TitleLong working hours and alcohol use: systematic review and meta-analysis of published studies and unpublished individual participant data.
Publication TypeJournal Article
Year of Publication2015
AuthorsVirtanen, M, Jokela, M, Nyberg, ST, Madsen, IEH, Lallukka, T, Ahola, K, Alfredsson, L, Batty, GD, Bjorner, JB, Borritz, M, Burr, H, Casini, A, Clays, E, De Bacquer, D, Dragano, N, Erbel, R, Ferrie, JE, Fransson, EI, Hamer, M, Heikkilä, K, Jöckel, K-H, Kittel, F, Knutsson, A, Koskenvuo, M, Ladwig, K-H, Lunau, T, Nielsen, ML, Nordin, M, Oksanen, T, Pejtersen, JH, Pentti, J, Rugulies, R, Salo, P, Schupp, J, Siegrist, J, Singh-Manoux, A, Steptoe, A, Suominen, SB, Theorell, T, Vahtera, J, Wagner, GG, Westerholm, PJM, Westerlund, H, Kivimäki, M
JournalBMJ
Volume350
Paginationg7772
Date Published01/2015
ISSN1756-1833
KeywordsAge Factors, Alcohol Drinking, Cross-Sectional Studies, Humans, Odds Ratio, Prevalence, Prospective Studies, Sex Factors, Socioeconomic Factors, Workload
Abstract
 

OBJECTIVE: To quantify the association between long working hours and alcohol use.

DESIGN: Systematic review and meta-analysis of published studies and unpublished individual participant data.

DATA SOURCES: A systematic search of PubMed and Embase databases in April 2014 for published studies, supplemented with manual searches. Unpublished individual participant data were obtained from 27 additional studies.

REVIEW METHODS: The search strategy was designed to retrieve cross sectional and prospective studies of the association between long working hours and alcohol use. Summary estimates were obtained with random effects meta-analysis. Sources of heterogeneity were examined with meta-regression.

RESULTS: Cross sectional analysis was based on 61 studies representing 333,693 participants from 14 countries. Prospective analysis was based on 20 studies representing 100,602 participants from nine countries. The pooled maximum adjusted odds ratio for the association between long working hours and alcohol use was 1.11 (95% confidence interval 1.05 to 1.18) in the cross sectional analysis of published and unpublished data. Odds ratio of new onset risky alcohol use was 1.12 (1.04 to 1.20) in the analysis of prospective published and unpublished data. In the 18 studies with individual participant data it was possible to assess the European Union Working Time Directive, which recommends an upper limit of 48 hours a week. Odds ratios of new onset risky alcohol use for those working 49-54 hours and ≥ 55 hours a week were 1.13 (1.02 to 1.26; adjusted difference in incidence 0.8 percentage points) and 1.12 (1.01 to 1.25; adjusted difference in incidence 0.7 percentage points), respectively, compared with working standard 35-40 hours (incidence of new onset risky alcohol use 6.2%). There was no difference in these associations between men and women or by age or socioeconomic groups, geographical regions, sample type (population based v occupational cohort), prevalence of risky alcohol use in the cohort, or sample attrition rate.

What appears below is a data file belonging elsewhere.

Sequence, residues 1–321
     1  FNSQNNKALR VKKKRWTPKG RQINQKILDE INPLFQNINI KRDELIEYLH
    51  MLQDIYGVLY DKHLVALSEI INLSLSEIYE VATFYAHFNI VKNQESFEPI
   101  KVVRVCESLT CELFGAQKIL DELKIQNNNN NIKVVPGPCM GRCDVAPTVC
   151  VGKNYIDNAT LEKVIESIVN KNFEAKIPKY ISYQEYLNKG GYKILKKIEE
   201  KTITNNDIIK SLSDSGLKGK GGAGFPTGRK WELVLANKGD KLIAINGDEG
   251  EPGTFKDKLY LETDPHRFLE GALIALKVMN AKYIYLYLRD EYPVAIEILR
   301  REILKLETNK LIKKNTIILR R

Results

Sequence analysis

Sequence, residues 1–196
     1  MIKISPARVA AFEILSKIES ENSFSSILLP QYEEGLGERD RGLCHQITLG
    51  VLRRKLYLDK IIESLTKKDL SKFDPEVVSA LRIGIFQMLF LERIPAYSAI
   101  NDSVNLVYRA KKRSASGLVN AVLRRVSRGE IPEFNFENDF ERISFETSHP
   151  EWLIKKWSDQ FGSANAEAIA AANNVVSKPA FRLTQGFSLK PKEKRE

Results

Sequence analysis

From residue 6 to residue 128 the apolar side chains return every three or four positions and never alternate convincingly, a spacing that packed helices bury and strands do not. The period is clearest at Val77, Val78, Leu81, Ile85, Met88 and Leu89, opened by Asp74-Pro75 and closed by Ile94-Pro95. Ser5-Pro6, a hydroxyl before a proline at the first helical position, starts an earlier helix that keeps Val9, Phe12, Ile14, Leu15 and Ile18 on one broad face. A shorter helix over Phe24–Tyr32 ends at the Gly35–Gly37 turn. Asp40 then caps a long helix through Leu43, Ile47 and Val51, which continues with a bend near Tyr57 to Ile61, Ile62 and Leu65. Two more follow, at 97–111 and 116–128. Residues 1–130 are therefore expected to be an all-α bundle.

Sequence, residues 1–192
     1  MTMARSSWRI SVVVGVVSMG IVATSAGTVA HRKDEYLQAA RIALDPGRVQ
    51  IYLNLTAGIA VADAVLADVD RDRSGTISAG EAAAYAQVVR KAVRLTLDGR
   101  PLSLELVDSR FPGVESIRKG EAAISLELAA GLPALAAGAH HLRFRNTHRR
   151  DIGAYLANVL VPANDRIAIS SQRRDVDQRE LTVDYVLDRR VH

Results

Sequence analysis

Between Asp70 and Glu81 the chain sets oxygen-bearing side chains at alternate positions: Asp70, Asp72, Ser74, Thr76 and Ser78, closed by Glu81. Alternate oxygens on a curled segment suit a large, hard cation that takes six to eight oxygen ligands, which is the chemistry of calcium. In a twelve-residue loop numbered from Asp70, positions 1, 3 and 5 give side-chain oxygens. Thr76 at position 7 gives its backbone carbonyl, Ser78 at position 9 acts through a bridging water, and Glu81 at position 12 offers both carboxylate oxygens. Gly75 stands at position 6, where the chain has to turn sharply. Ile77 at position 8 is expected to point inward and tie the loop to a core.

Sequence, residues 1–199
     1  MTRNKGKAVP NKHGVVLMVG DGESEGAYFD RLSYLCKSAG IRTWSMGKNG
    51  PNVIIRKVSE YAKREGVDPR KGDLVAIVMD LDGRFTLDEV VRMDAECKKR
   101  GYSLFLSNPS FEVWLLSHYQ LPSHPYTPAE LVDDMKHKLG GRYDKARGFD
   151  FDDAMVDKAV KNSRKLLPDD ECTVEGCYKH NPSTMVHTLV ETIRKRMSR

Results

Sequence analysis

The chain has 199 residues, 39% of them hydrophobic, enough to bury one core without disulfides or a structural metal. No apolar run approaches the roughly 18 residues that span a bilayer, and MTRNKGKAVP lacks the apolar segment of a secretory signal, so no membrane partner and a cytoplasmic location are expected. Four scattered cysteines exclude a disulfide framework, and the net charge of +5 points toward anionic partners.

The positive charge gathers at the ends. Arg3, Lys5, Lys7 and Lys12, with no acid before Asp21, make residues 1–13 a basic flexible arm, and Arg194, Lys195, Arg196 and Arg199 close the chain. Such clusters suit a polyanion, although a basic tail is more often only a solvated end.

CONCLUSIONS: Individuals whose working hours exceed standard recommendations are more likely to increase their alcohol use to levels that pose a health risk.

DOI10.1136/bmj.g7772
Alternate JournalBMJ
PubMed ID25587065
PubMed Central IDPMC4293546
Grant ListG0100222 / / Medical Research Council / United Kingdom
K013351 / / Medical Research Council / United Kingdom
P01 AG020166 / AG / NIA NIH HHS / United States
MR/K013351/1 / / Medical Research Council / United Kingdom
R01AG034454 / AG / NIA NIH HHS / United States
R01HL036310 / HL / NHLBI NIH HHS / United States
U19 AG051426 / AG / NIA NIH HHS / United States